Here, Ahroni presented evidence that, during the various stages of the production process, the designer made several non-utilitarian aesthetic contributions to the prototype in order to create an object that was sleeker and more attractive than a natural wishbone. The goal was not to replicate the wishbone from Ahroni’s 1999 Thanksgiving, but rather to create the idealized “image of the perfect wishbone.” In further support of his argument, an expert ornithologist from the Florida Museum of Natural History opined that the Lucky Break Wishbone included seven osteological features that would not be found in nature, but rather were “of distinctly human creation or design.” These included the curve of the clavicles (i.e., the “legs”), the bilateral symmetry of the surface indentation, and certain smooth surfaces.

. . . .

After summary judgment was denied, the case eventually went to trial. The jury saw things pretty much the same way and awarded Ahroni approximately $1.7 million in damages. In 2009, the Ninth Circuit affirmed.

Link to the rest at Trademark and Copyright Law

Walt Whitman Championed Democracy and Fought for Copyright

18 November 2018

From The Illusion of More:

“Publishers move without concert, harmony, or agreement. There is no law to regulate their rights, and they have none (which are respected) by courtesy.  They print the same book, and the spirit of competition is such as to destroy all correctness, all taste, and all chance of profit.  The result is, that the author gets nothing, the publisher is subjected to losses, and the public are never satisfied.  An international copyright law would remove these evils.”

 — Nahum Capen, 1844 —

This excerpt from a Memorial written by a notable Boston author, editor, and publisher fairly well sums up the state of book publishing—and most creative work—in the embryonic America of the mid-19th century. It is not mere coincidence that the evolution of an American artistic voice parallels the development of U.S. copyright law; and the passage of an international copyright statute in 1891 was a key milestone—culturally, economically, creatively, and politically—in the nation’s progress toward global maturity.  One important advocate of that law also happened to be one of the nation’s first truly domestic creative voices—the poet Walt Whitman, who viewed the adoption of international copyright as a matter of democratic principle even more than a matter of economic purpose.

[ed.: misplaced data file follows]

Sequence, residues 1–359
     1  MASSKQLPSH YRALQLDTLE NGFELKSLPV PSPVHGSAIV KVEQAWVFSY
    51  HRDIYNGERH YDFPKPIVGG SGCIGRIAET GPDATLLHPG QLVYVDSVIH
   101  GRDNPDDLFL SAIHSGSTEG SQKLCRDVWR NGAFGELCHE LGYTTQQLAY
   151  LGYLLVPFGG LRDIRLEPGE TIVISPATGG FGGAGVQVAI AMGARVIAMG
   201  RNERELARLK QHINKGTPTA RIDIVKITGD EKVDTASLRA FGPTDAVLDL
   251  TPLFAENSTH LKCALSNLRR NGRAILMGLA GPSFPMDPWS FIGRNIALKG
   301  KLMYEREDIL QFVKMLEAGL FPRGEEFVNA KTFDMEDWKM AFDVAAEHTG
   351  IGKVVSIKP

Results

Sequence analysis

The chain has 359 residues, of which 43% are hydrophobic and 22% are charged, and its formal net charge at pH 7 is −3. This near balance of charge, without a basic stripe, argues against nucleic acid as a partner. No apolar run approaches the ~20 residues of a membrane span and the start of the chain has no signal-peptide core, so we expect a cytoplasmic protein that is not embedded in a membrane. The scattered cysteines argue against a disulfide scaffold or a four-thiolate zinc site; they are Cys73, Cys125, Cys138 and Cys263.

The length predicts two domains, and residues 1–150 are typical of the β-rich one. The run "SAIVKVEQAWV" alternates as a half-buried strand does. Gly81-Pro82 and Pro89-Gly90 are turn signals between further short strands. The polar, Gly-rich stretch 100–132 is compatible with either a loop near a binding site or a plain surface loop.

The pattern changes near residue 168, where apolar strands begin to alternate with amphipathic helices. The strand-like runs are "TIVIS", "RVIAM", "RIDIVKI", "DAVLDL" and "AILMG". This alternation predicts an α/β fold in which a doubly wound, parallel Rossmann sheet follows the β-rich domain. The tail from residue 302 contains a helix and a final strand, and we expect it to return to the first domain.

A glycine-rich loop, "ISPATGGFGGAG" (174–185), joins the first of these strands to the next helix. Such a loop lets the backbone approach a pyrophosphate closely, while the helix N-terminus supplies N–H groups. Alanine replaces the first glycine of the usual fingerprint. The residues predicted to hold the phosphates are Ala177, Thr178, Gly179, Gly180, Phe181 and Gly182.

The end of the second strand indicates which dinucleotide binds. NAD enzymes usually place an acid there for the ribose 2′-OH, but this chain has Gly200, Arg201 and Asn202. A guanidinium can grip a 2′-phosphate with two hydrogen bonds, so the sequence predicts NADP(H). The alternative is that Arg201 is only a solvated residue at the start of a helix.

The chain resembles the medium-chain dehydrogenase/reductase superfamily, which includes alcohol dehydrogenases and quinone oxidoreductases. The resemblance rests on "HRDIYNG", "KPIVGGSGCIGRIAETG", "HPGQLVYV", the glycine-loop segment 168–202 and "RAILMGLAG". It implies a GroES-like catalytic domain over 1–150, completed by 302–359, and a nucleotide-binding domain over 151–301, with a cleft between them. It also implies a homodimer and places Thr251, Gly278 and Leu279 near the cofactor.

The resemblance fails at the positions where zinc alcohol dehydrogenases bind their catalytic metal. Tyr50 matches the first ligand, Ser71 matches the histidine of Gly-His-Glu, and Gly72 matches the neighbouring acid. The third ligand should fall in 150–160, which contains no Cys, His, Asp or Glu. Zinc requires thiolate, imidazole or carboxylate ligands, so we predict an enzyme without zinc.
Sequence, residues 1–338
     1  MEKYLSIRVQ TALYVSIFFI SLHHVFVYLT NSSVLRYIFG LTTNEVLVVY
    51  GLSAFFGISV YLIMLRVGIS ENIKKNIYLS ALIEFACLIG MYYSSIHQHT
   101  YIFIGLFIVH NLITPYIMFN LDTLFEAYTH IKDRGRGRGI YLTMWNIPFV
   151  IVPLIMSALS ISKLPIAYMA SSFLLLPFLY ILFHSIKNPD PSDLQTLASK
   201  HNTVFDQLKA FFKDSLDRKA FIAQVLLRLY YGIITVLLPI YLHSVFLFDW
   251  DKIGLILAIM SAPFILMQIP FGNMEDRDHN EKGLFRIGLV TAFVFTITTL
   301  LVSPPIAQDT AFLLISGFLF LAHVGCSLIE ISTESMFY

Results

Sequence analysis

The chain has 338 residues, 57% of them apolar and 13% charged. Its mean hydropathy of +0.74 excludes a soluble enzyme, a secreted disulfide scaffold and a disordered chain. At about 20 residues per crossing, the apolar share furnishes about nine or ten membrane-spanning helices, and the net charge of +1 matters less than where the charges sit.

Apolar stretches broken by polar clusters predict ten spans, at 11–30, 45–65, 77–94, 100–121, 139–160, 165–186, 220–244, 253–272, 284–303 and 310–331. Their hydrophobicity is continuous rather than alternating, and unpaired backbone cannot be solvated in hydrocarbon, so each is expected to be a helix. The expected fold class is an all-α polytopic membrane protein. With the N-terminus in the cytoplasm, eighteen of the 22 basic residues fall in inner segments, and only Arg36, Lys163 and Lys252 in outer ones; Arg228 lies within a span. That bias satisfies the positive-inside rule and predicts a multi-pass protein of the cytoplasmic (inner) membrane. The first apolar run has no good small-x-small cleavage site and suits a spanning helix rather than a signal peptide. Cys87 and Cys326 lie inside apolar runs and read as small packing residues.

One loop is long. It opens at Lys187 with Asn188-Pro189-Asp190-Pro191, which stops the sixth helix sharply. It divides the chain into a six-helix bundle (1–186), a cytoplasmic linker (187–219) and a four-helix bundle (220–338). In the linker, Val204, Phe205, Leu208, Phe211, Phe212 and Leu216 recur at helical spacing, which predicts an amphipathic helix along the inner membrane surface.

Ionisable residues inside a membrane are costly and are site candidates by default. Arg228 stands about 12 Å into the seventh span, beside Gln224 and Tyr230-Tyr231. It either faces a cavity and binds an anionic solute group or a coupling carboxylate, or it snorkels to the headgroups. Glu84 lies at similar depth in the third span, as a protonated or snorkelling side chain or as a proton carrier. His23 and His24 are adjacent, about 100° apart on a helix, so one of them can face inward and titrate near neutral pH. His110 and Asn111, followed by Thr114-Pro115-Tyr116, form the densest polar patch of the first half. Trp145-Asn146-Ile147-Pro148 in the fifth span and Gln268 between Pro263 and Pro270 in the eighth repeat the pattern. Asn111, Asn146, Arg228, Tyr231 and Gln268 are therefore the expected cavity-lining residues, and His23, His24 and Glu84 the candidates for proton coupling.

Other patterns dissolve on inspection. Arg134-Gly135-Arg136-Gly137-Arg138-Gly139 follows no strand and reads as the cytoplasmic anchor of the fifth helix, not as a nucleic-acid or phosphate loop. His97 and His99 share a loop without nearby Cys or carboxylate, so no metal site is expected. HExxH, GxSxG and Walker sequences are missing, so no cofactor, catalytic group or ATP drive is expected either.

Creativity today is entirely democratic.  We understand that works of great genius and value might come from anywhere.  But many of America’s most influential authors and thinkers, during the years between the Revolution and the Civil War, believed that literature should remain tethered to classical, elitist traditions.  Thus, while American copyright law evolved throughout the 19th century, charting a course distinct from the antecedents of English common law, a new American creative voice was emerging at the same time.  Indeed, there was a conscious, creative/political movement that may be roughly bracketed between an 1837 speech by Ralph Waldo Emerson and the literary apotheosis expressed in Whitman’s Leaves of Grass in 1855.

It was August 31, 1837, when Emerson spoke to the Phi Beta Kappa Society at Harvard University in which he called upon young, domestic authors to write the narrative of the new nation rather than to continue to “feed on the sere remains of foreign harvests.”  Emerson’s address helped galvanize a broad, cultural shift that was just percolating among the first post-Revolution, literary figures in the nation, and among these was Whitman, who published his first short stories in a new periodical founded on the principles of this movement—the United States Magazine and Democratic Review.

Link to the rest a The Illusion of More